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Monday, September 14, 2009

Manic Monday: Writing, Reading, Running, Mobbing & Etc.

Wouldn't you know it, but it's harder than ever to focus on just one task. Sure, I'm not a dad/Mr. Mom, but I do my fair share. Cleaned out a garage/shed area, rode my bike 10 miles (busted the sprocket though, I knew it was going), read about 150 pages on great baseball managers, trying to keep up with all that social media stuff. (And reading Accidental Billionaires a.k.a. The Story of Facebook.)

And work. And write. (And go to the sports bar to check out the games, and hopefully, make miss bartender into Mrs. Powers. We all do it...the flirting.)

Meanwhile, America seems pretty complacent and complaining about the role of government. In 1946, when we were running the world cart blanche, no one complained about the size or scope of government. You expected roads, schools, law enforcement and protection from the wild bunch that is Wall Street.

Today, after 30 years of ignoring infrastructure, eroding educational systems, health care costs rising and the Wall Street fiasco, we must either turn to government (and fix it internally) or just let it fall apart. Because that is what is going on.

We all need to get busy on other things. Create something of value. Innovate. Invent. Optimize. Draw upon that American bullheaded nature - but to make not destroy.

I know more about NOT doing things right that most others ever will. Its not braggin', it is the plain simplistic truth. I have become more aware in the past few years of that gnawing in the belly feeling that I am not living up to whatever was suppose to be my calling. That every Manic Monday I ask, "What did I do this past week? What am I gonna do?"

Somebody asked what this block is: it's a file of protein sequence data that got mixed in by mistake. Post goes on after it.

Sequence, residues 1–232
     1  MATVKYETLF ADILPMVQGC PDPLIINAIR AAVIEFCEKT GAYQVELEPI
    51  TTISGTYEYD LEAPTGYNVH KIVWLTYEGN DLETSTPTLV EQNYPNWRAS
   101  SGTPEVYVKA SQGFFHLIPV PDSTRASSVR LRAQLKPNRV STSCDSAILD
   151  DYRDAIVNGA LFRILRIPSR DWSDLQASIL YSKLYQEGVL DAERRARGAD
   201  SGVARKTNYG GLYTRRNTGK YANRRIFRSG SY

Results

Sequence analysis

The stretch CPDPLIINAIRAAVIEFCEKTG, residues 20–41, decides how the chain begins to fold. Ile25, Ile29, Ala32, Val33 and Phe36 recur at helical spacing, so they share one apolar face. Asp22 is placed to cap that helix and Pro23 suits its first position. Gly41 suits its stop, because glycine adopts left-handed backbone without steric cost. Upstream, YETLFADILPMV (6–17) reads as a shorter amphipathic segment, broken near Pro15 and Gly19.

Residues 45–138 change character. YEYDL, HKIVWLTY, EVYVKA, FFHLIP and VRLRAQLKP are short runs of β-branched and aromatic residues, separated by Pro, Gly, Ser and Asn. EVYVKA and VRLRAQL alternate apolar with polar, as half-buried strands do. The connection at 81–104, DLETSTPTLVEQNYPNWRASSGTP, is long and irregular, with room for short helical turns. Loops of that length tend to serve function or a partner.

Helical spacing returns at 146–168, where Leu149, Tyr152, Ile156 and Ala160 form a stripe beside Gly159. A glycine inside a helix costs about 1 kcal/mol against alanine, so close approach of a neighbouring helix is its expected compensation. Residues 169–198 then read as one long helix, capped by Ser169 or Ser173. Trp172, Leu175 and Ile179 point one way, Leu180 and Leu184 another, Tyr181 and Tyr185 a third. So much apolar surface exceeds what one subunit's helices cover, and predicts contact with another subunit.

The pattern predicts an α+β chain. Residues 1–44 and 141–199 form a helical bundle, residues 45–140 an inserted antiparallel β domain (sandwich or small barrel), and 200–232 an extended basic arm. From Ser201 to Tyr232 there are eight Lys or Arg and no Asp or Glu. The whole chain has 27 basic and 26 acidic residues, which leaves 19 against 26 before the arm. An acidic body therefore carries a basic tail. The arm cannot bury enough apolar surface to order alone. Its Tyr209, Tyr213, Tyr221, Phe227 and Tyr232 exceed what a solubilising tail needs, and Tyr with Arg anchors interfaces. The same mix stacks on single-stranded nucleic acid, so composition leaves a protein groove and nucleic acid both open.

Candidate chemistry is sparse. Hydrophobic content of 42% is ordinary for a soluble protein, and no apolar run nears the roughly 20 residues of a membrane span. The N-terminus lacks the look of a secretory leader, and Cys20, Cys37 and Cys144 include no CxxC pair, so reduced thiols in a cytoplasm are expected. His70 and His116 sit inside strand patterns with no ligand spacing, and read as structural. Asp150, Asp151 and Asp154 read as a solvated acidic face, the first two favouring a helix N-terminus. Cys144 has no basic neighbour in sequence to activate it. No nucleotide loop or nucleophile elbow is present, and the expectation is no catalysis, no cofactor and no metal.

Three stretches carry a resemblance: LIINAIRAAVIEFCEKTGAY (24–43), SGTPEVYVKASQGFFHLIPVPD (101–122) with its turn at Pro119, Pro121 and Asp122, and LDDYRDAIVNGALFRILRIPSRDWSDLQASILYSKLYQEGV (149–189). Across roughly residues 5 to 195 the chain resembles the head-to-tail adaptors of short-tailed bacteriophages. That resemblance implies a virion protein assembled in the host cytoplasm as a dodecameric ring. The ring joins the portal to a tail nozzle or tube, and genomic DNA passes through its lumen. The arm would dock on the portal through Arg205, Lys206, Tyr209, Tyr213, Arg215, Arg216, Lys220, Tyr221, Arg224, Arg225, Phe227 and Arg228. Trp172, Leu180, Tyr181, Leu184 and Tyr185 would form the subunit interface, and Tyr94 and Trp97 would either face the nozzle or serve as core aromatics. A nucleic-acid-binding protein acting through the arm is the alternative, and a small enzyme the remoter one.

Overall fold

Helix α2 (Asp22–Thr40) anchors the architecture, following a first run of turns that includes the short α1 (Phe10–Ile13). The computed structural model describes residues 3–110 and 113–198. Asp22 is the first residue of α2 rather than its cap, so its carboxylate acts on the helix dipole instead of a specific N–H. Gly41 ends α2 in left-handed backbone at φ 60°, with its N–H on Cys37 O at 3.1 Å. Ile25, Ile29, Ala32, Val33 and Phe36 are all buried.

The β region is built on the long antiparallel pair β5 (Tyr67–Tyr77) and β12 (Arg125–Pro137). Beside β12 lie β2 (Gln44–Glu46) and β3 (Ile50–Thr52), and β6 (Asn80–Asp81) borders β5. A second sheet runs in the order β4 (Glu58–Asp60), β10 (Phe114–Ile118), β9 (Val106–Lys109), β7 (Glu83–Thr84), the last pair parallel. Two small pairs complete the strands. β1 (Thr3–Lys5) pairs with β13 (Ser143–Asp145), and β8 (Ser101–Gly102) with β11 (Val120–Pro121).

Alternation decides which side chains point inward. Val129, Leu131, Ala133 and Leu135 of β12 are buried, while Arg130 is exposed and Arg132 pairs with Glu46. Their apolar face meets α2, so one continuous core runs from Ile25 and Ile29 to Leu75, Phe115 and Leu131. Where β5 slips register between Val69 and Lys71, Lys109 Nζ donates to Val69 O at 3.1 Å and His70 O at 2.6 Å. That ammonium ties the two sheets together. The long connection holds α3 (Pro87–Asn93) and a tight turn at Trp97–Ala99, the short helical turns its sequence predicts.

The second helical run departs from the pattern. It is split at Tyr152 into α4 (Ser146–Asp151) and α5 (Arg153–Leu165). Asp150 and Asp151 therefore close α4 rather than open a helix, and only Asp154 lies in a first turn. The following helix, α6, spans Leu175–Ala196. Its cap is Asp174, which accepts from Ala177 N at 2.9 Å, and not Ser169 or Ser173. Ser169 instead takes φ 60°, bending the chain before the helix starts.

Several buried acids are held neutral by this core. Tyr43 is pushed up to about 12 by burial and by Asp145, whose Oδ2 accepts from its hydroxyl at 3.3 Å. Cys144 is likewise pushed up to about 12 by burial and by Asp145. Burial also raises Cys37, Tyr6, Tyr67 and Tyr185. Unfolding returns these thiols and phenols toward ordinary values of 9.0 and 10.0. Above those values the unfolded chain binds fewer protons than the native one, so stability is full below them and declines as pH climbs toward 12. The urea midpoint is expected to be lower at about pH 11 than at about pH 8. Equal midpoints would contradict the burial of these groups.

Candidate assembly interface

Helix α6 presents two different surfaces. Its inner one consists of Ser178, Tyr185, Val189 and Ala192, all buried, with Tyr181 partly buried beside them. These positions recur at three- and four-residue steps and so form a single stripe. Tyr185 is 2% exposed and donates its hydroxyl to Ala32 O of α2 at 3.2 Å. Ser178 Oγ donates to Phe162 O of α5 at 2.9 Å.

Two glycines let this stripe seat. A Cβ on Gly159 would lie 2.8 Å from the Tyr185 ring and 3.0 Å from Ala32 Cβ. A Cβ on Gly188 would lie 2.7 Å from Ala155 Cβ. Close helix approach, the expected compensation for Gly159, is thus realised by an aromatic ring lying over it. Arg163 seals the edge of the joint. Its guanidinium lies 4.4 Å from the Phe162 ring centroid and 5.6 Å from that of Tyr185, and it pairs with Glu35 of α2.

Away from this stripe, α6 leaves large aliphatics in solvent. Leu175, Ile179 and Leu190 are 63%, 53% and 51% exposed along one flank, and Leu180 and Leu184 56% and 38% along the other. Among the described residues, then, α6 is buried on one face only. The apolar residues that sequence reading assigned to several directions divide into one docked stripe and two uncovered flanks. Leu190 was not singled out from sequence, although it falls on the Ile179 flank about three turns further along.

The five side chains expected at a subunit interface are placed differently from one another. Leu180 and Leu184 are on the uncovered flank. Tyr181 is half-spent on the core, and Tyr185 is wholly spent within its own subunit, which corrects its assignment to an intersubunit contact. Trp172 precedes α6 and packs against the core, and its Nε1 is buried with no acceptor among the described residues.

These are questions I hope to answer sooner than later.

America needs to do that too.

Wednesday, September 2, 2009

Predictable Irrational: Good for Starters, Demand More

Never took a course in behavioral economics, but this book gives you a starter into that arena. After seeing the stock market and America's mortgage market, crash-n-burn, binge-n-purge, or spin out of control like a bipolar hurricane, you got to try to understand the hidden forces behind it all.

Predictably Irrational attempts to layout out premises along the line that we are neither very rational nor can we predict with much regularity what we will ultimately do. That our motivators often are irrational; that we can make distorted decisions based on erroneous concepts. (FREE for example is never really FREE.)

Ariely puts forth several experiments tested on MIT students and others that reflect we can be seen doing very strange things under certain heightened pressures. That we can take rational, normal persons and turn them into less-than-moral, far-from-societal pillars. (Remind you of the Wall Street?)



It's an interesting read; but it does not dwell or delve greatly into the current malaise. Instead, it picks out specific ideas of why we all are prone to irrational, and predictably so, decisions. That said, while I got something out of the book - it still left me less that satiated. It didn't meet my demands.